We engineers place those patent plates there for a reason; to answer dumb questions.:)
    ie model number
    ie serial number.
    ie voltage and frequency;
    ie wattage
    ie amps
    ie volt amperes
    ie rev number
    ie variant number
    ie what mods are installed.
    ie when built
    ie where built
    When I worked for one of the seven dwarf computer companies; if one asked questions like this without the patent plate info more that a couple times; you just got canned. They wanted folks who could read.
    ****Is this an Ebay purchase to be or something? Thus all this fiddle fart assuming and no patent plate info?
    Devices that are 50/60 hertz are labeled as such. Labels like this are required by law. It was been like that before any of us were born.
    Read the label on the device. Do this before calling Jobo so one doesnt look too dumb. If it says 60HZ they may have a 50HZ kit for 220volts too.
    Assuming is for amateurs. A 50HZ AC motor or transformer sometimes can get so hot on 60HZ one has a fire hazard too; ore maybe just alot of smoke and some excitement.
    Assuming really has no place with something like this.
    If I was at Jobo I would tell folks no if they had no patent plate info; to risky; if they cannot read; a hell of alot of risk.
    It really has to be like this; if folks cannot mention the actual patent plate info; one cannot research the model. With todays liability issues and dumbing down of society; I would not doubt this thread gets nuked.
    Again; it is possible to say what it says on the patent plate on your Jobo; or is this a general question?
    Also what other important info; WATTS and VA (volt amperes) if it is listed.
    If it is a low wattage device you can just run the darm thing of an BIG invertor.
    I know the USA is 60Hz and 120V ac; I just would like to see the info of the target processors patent plate.
    One has to at least in the USA ground the frame to earth green wire ground; and not the neutral (which is normally close to ground). In the USA some places in the usa require a ground fault on 240 volts too; as special two pole breaker; often seen with pool heaters and pumps. Ground faults for 120v in wet areas goes back a couple decades. Your have a dangerous mix; possible water leak on floor; decent voltage.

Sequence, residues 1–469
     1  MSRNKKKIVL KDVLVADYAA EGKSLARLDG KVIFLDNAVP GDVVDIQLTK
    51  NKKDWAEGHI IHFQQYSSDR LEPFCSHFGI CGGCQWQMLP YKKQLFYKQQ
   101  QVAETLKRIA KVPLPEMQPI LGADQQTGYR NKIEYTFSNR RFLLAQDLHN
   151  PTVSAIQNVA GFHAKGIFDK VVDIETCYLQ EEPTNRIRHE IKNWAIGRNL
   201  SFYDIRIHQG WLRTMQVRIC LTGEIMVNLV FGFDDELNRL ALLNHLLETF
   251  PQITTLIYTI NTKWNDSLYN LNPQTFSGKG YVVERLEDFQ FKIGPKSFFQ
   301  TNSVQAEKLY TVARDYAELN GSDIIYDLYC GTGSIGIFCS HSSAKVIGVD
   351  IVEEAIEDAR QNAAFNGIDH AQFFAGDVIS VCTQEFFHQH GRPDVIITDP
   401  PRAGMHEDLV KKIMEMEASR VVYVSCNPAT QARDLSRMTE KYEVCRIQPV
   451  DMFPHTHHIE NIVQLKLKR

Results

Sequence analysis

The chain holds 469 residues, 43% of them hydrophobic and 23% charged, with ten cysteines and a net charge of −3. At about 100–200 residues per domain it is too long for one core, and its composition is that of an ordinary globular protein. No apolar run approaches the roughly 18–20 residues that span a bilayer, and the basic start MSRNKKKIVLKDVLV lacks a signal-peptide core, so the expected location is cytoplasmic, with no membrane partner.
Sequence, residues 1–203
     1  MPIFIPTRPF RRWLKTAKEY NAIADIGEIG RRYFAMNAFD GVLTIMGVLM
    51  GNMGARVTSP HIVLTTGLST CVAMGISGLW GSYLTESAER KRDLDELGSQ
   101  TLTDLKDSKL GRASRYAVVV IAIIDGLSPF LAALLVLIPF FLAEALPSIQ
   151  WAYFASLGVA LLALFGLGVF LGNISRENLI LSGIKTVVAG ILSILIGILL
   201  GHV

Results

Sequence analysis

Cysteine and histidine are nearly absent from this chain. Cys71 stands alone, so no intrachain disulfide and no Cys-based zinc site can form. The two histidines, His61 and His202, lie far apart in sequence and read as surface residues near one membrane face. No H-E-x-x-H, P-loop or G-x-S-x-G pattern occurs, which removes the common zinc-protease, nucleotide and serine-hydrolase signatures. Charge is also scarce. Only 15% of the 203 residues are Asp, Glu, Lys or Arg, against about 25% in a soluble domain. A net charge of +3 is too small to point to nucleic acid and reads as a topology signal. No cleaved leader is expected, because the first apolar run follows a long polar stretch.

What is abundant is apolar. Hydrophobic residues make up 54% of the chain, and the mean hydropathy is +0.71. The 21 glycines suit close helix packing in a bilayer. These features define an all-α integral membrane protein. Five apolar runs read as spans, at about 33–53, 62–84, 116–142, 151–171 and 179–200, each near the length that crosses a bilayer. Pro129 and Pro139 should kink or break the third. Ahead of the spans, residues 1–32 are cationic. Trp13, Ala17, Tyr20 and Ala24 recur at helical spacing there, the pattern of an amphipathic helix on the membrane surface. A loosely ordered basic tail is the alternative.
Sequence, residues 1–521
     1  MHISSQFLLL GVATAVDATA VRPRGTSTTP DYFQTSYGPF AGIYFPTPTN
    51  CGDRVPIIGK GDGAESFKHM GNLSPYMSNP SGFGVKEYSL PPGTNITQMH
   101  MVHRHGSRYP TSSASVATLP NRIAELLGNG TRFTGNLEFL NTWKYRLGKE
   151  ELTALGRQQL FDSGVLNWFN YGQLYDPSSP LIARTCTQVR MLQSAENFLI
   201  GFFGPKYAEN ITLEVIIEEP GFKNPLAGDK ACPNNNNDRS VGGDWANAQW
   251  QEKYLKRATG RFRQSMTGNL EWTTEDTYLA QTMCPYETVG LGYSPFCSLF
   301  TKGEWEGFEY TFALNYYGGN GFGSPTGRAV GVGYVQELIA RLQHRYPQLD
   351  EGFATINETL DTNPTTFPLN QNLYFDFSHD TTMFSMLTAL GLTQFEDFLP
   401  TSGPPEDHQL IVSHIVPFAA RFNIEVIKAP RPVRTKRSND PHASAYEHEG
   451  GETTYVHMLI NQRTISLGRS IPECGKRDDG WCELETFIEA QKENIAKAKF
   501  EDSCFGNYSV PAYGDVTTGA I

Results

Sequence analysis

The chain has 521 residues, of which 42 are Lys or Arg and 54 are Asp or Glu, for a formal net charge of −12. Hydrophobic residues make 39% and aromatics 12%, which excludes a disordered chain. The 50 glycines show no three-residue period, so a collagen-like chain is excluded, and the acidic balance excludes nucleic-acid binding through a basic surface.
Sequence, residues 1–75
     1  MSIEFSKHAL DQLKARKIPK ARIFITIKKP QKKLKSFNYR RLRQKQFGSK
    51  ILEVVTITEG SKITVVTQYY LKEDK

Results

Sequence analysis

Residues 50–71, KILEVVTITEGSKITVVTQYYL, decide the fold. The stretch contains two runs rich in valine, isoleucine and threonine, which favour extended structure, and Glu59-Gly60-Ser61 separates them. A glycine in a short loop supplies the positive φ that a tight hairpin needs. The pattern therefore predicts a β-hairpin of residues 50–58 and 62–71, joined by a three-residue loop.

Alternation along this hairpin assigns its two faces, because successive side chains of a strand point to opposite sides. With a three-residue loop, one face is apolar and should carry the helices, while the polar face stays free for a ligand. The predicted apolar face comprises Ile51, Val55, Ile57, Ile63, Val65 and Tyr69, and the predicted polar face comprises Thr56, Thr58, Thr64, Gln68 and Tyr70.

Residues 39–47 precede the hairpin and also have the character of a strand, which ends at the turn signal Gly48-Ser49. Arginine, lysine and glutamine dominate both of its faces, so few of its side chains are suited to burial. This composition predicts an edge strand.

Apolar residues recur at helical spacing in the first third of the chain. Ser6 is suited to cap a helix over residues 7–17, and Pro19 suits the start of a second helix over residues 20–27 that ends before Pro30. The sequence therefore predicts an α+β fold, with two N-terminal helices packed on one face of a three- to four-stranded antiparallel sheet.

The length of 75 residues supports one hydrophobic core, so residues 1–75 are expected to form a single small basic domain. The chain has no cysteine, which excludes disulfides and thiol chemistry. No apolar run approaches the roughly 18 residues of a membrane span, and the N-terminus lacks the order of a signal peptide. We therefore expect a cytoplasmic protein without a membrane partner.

15. I attempted to post this a couple of days ago. It didn't fly. Hope it works this time.
    Thanks to all
    What I think I'm hearing is that Dennis is saying to just convert the 110V to 220V via a simple transformer that has the wattage capacity plus @ least 30% more, and the Jobo will take care of the 60Hz instead of 50Hz w/o any consequences.
    Others are saying the same as above, but times will have to be reduced by 80%.
    Dennis also referenced CPE JOBOs. My interest is in the CPP-2 or CPA-2. Does that change anything?
    Charles says to change the JOBO internal transformer to 110V & the frequency will take care of it's self.
    Raymond pointed out that most homes have 220V built in & it will work fine for a JOBO processor.
    If I understand Larry correctly, he is saying that it's possible to take 2-110V outlets (1 on top of the other type outlet) & connect the + lines in series & the – lines in series, & keep the neutral line as is, if a home doesn't have 220V. Correct?
    I get the impression that the 60Hz will do no harm to a 50Ha processor. It's just a matter of making the conversion & timing the times as to weather they need to be changed.
    This all sounds like good advice. I dearly hope it all applies to CPPs as well to CPAs.
    Thanks to all who contributed, I certainly know more that before I asked the question, JD
    PS I have also emailed JOBO
     
  16. I attempted to post this a couple of days ago. It didn't fly. Hope it works this time.
    Thanks to all
    What I think I'm hearing is that Dennis is saying to just convert the 110V to 220V via a simple transformer that has the wattage capacity plus @ least 30% more, and the Jobo will take care of the 60Hz instead of 50Hz w/o any consequences.
    Others are saying the same as above, but times will have to be reduced by 80%.
    Dennis also referenced CPE JOBOs. My interest is in the CPP-2 or CPA-2. Does that change anything?